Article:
Offering or encouraging link exchanges

It used to be more common for sites to include a “Link To Us” page, but, depending on the text you have on such a page, having one could get you penalized. Never offer to link if someone else gives you a link, never offer to sell links on your page, and never mention manipulating Google, ranking in search results, or SEO if you have a “Link To Us” page. Thousands and perhaps millions of the spam websites have variations on this, and it’s easy to detect if you have text on your pages that propose using links for manipulating search results.

Posting radically unrelated content on the site

Did someone talk you into trying to be a lot more than your site or company was meant to be? Some sites drag in news headlines and syndicated articles willy-nilly, regardless of how inappropriate the topic might be. If your site is displaying a lot of off-topic content, you’ve gone too far and need to chop it down to focus on reasonable content.

Failure to post a phone number

Just as with the failure to provide a Contact page or address, leaving the phone number off is a major mistake. Why be afraid of letting people speak to you? Again, leaving this off will raise a red flag in consumers’ minds, leaving them to ask, “What might this site or company be hiding?”

Bad spelling and grammar

Many do-it-yourselfers are saving money by building their own websites. Unfortunately, this can result in mistakes that impact the impression the site may have on visitors. Google’s guidance on building high-quality sites underscored this very thing, proving that Google is interested in these criteria. It makes sense if you’ve seen many of the low-quality sites — a great many of them have been built by non-English speakers that often has text and grammar deficiencies. Even beyond the poor impression it can make, I’ve audited client sites with misspelled product or service names, causing them to lose out on significant amounts of internet traffic as their pages were not exact-match relevant to the majority of searches. So, if you’re writing your own text, ask someone to proof it for you to catch stuff that you might otherwise miss.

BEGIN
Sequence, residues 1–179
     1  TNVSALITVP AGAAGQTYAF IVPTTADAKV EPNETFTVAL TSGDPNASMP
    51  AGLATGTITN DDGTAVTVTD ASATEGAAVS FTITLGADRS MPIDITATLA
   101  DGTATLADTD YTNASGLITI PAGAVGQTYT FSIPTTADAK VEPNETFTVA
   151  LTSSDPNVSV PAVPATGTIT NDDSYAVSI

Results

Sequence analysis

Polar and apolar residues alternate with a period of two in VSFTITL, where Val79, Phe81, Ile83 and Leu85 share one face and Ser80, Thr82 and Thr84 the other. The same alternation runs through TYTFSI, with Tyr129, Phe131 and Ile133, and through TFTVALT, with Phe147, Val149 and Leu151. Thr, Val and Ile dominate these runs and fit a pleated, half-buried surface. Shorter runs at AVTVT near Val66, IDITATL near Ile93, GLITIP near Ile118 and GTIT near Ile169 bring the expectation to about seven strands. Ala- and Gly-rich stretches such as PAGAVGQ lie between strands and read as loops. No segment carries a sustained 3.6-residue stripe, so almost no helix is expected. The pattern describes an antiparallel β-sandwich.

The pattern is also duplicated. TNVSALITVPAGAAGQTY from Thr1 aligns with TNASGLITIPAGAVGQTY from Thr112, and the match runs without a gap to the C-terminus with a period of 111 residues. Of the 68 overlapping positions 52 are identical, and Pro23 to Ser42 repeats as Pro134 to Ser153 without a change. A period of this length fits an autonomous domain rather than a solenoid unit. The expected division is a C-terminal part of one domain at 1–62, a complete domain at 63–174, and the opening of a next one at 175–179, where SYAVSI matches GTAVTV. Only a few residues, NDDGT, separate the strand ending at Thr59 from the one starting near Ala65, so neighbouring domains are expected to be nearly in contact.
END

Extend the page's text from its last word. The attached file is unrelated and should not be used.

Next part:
Copyright statements

Scraper sites are often stealing content from upstanding sites, so they don’t have any respect for copyright laws. As such, they typically leave such niceties off of their page footers. However, almost no authoritative sites leave this off. Even if you are casual about whether people take and use content from your site, you might consider adding on a copyright statement on all of your site’s pages, just to make it clear that you consider your site to be high quality, worthwhile content.

These elements are all things that Google’s spiders can see, and they’re easily items that indicate that a site might be suspect, or a bad player.


Make sure your site doesn’t accidentally send the wrong signals to Google — follow best practices in providing information that consumers look for when determining the trustworthiness of a website and the company behind it. This not only will reassure potential customers, improving your conversion rate once people discover your website, but it might also help you in your search engine rankings.

Last modified: March 9, 2021